But as they seek solace in their grief, the wider world also needs to seek understanding of a less spiritual variety.  What the hell happened to Tyler?  It’s okay to be angry. Because Tyler represents the 25th high school football player in the U.S. to die as a direct result of his football-related injury in the past nine years.  We need medical and legal answers, not just prayer for metaphysical questions.

Some things we know.  It may not be just an accident. It may not be a mere fluke.  Unless a post mortem investigation shows an unusual cardiac or other abnormality, there is a good chance it’s called second impact syndrome.  It’s a known quantity and what we need to find out is whether Tyler’s brain was injured prior to this apparently inconsequential hit during the pileup.  Second impact syndrome can happen hours, days or weeks following an initial hit (to the head, neck or body) that may induce “sub concussive” injury to the brain.  For reasons that are not well understood, a subsequent blow or blows then puts in motion a dramatic cascade of metabolic and anatomic shifts that can lead to brain hemorrhage, seizures, loss of consciousness and death.

It is precisely scenarios like these that have been the impetus for almost every state in the United States to mandate the development of concussion policies in public schools.

So what the coaches, the parents, the trainers, the lawyers and the community in California need to do is not to look at the video of the final scrimmage, but at any evidence from plays and games, on the field and off, that there may have been a primary injury.  Was an apparently minor hit missed?  Did he show any signs or symptoms of “minor” head trauma before that final day of practice?  Should he have been resting, on the bench, recuperating?  How was he doing academically?  Was he forgetful? Was he different?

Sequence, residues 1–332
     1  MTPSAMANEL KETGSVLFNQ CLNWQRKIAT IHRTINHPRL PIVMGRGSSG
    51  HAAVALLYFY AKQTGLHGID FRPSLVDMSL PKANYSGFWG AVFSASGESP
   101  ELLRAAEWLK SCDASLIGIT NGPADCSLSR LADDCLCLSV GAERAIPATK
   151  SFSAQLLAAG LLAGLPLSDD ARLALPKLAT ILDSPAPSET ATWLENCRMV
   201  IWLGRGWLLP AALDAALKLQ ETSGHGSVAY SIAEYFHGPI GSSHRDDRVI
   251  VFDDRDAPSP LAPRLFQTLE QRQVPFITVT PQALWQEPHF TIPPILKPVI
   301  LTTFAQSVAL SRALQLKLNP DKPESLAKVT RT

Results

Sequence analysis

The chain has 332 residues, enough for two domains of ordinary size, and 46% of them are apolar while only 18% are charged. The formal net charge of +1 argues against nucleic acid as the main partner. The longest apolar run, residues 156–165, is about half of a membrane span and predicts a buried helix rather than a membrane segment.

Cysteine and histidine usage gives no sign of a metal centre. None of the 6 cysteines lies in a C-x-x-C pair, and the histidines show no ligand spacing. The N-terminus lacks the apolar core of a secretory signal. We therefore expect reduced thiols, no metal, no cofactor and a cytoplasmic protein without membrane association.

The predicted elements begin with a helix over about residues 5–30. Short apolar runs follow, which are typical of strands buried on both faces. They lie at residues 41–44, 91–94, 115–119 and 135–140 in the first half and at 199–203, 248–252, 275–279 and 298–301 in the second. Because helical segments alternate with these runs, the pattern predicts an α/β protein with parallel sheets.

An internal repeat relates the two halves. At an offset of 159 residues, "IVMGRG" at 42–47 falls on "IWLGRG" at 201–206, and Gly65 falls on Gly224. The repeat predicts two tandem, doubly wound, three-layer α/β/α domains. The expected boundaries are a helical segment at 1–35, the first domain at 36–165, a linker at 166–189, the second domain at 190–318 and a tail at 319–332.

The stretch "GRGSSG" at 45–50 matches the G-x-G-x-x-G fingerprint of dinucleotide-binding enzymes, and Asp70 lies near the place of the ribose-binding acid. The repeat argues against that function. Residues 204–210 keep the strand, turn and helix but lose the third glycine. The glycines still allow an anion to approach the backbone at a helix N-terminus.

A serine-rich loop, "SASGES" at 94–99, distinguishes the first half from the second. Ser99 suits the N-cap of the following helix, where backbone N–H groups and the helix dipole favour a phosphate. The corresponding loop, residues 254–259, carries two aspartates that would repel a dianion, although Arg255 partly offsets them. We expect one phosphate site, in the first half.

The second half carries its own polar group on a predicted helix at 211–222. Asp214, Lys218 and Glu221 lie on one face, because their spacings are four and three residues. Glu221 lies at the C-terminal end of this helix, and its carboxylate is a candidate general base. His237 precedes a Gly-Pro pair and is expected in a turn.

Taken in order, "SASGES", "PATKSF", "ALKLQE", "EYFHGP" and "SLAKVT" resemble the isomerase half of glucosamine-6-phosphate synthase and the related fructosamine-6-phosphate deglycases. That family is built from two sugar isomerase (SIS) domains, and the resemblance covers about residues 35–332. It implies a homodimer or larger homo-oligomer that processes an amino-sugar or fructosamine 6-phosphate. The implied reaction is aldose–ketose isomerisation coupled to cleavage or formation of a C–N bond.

We may never know, but we have to go looking for the evidence.  This way the community will learn along with the whole country.   Only then will the possible disgrace that this represents be turned into grace.

Concussion Course for Coaches Hits a Million Views


As concussion awareness has risen, it has become clear that all members of the community– from the unaffiliated bystander to the parents, coaches, athletes, school personnel and medical providers–play an important role in the prevention, detection, diagnosis and management of head injuries in our students.

The National Federation of State High School Associations announced last week that the million mark was passed by coaches taking an online concussion course.  The course, “Concussion in Sports – What You Need to Know,” was designed by the Centers for Disease Control and is free of charge. In some states such a course is now one of the mandated steps required by public school districts to comply with concussion policies.

A brief introduction to the course by the NFHS can be seen here. The CDC course itself is available online here. The CDC also has a free online course for medical providers available here.

More and more communities are requiring sideline personnel to be trained in the new guidelines for concussion management.  With all of the recent publicity it may be hard to believe that many medical providers as well as lay people are still thinking that the old ways are OK.  But we no longer put anyone even suspected of a concussion back in the game or let them “run it off.” And that’s just the start of how things are changing.

The CDC courses have helped raise awareness and should continue to be an integral part of community programs. But often they are just a starting point in what is really a change in our culture that has glorified athletics and sports even if the price has been too steep.

image from Momsteam.com